BOSTON — This begins with the sound of one shoe dropping.

A few weeks ago, a Supreme Court reporter noticed that Justice Ruth Ginsburg took an unusually long time getting on her feet after a hearing. Blogging away on “Legalities,” ABC’s Jan Crawford Greenburg breezily wrote that it “made me think I’d better start pulling those possible retirement files together.”

This hint about Ginsburg’s health moved across the blogosphere at, well, Internet speed. Days later, New York Times Supreme Court reporter Linda Greenhouse — tweaking her colleague — offered a “pedestrian” explanation for the justice’s slowness. Ginsburg couldn’t find one of the shoes she’d kicked off under the table.

The difference between the two reports on the shoeless justice was not a matter of good or bad reporting. It was, rather, a matter of blog time and checking time. The observation was right, but the diagnosis was as far afield as an errant shoe.

Within days, there was another missed diagnosis. The savvy, new political publication Politico posted a scoop before the John and Elizabeth Edwards news conference telling the world that the candidate was going to suspend his campaign. Circle false on the answer sheet.

In explaining “How Politico Got It Wrong,” reporter Ben Smith retraced his (racing) steps. He started making calls around 10 a.m., got a tip before 11, told his editor at 11:08, put the news out on the Web immediately and got a warning e-mail at 11:28. Less than an hour later, the Edwardses proved him wrong.

The problem here too was less the messenger than the medium. The instant medium. As Smith wrote, “I’ve done much of my reporting on blogs and have developed an instinct to let my readers know whatever I know as soon as I know it.” What that doesn’t always make time for is a second opinion.

You don’t die from a journalistic mistake. The worst thing you can kill is a reputation. I might not have even noted these errors of speed-blogging (is that redundant?) if I hadn’t been reading Jerome Groopman’s disturbing and thoughtful book of essays on “How Doctors Think.”

It turns out that most mistakes in medicine are not a matter of operating on the wrong leg or leaving a sponge in the stomach. “The majority of errors are due to flaws in physician thinking, not technical mistakes,” writes Groopman. As many as 15 percent of all diagnoses are wrong.

These mistakes in thinking, says Groopman, are mostly due to cognitive shortcuts, what are called “heuristics.” In real life, for example, doctors are likely to judge the case before them by others that come readily to their minds. They are then likely to latch onto a diagnosis, anchor it, and cherry-pick the symptoms that confirm their belief rather than revisiting or expanding the list of possibilities.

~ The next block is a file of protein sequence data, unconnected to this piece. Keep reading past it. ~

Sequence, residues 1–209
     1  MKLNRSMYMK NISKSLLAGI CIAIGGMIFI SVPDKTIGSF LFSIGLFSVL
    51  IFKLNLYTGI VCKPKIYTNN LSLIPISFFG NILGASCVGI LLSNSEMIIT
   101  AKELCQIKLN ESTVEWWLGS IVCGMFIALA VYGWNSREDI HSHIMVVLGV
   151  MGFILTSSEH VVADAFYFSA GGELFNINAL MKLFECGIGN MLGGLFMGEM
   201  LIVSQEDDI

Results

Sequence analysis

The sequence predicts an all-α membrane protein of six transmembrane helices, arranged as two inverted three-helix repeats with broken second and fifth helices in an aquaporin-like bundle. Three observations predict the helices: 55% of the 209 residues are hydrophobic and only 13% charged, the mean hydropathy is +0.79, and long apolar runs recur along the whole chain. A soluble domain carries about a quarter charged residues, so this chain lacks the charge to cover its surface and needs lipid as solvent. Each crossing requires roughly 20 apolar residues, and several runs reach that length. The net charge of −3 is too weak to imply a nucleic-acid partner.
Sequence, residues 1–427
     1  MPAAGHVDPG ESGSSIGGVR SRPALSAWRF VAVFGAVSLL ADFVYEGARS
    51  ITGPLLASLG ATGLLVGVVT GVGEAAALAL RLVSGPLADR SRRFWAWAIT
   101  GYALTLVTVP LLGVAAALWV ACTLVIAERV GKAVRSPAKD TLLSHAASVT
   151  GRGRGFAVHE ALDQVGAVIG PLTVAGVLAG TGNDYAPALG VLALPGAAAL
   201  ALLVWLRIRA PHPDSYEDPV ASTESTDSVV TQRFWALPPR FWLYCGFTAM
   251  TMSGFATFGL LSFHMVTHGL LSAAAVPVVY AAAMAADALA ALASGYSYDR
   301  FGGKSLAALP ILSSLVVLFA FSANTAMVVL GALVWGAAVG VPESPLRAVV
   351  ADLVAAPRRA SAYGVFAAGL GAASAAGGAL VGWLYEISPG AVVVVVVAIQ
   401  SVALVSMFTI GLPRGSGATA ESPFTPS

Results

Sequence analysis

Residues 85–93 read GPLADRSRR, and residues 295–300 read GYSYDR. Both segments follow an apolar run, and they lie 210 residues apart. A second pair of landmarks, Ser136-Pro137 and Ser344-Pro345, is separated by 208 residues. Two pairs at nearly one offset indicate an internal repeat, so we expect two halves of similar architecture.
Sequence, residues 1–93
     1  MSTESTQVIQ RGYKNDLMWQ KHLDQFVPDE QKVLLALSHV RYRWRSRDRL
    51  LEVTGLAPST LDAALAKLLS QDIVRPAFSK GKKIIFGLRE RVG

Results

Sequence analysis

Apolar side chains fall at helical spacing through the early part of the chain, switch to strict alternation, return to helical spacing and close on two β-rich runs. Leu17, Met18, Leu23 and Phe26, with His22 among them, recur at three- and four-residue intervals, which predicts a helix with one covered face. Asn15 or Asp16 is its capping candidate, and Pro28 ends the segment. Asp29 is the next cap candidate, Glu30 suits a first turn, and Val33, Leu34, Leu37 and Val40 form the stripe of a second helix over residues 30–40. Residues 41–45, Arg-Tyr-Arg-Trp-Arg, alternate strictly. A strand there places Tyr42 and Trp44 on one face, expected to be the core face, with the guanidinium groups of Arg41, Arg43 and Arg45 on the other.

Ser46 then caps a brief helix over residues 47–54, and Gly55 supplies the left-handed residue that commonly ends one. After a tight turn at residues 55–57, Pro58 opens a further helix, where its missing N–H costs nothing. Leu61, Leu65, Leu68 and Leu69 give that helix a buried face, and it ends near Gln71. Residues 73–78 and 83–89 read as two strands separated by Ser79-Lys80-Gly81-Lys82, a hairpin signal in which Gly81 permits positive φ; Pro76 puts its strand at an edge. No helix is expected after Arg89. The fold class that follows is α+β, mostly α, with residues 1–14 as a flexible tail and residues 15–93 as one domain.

It turns out that too many doctors are like those diagnosticians in the White House who saw every aerial photo of a trailer in Iraq as a factory for weapons of mass destruction.

But Groopman returns again and again to the root problem of the “shortcut.” It’s the “short.” The enemy of thinking is speed. “In order to think well, especially in hectic circumstances,” writes Groopman, “you need to slow things down to avoid making cognitive errors.”

Just the opposite is happening in medicine, in business and in journalism, where every second brings a deadline. Everyday life seems to move at the speed of an emergency room or a combat zone. We even have speed dating and Internet matchups as if we could make falling in love more efficient. Many people don’t even have time to write complete words in text-messaging.

A new batch of research by scientists studying the human brain suggests that multitasking may not be the time saver we think. All that e-mailing-while-cell-phoning-while-driving just increases the chance of making mistakes.

The collective pressure of technology and the marketplace has ratcheted up the expectation that we can think at the same pace we can press the send button. We are expected to make sense of information as fast as we can communicate it.

“In the ecology of our lives,” says Groopman, “time is the vanishing element.” But it turns out that we can’t hurry our thought process any more than we can bake a chocolate souffle in a microwave.

When the chief product of “productivity” is a bumper crop of mistakes and the primary “shortcut” has become a leap to conclusions, we finally have a strong reason to push back against the clock. It’s to slow down — our doctors and ourselves — long enough to notice the shoes under the table.

Ellen Goodman’s e-mail address is ellengoodman(at symbol)

© 2007, Washington Post Writers Group

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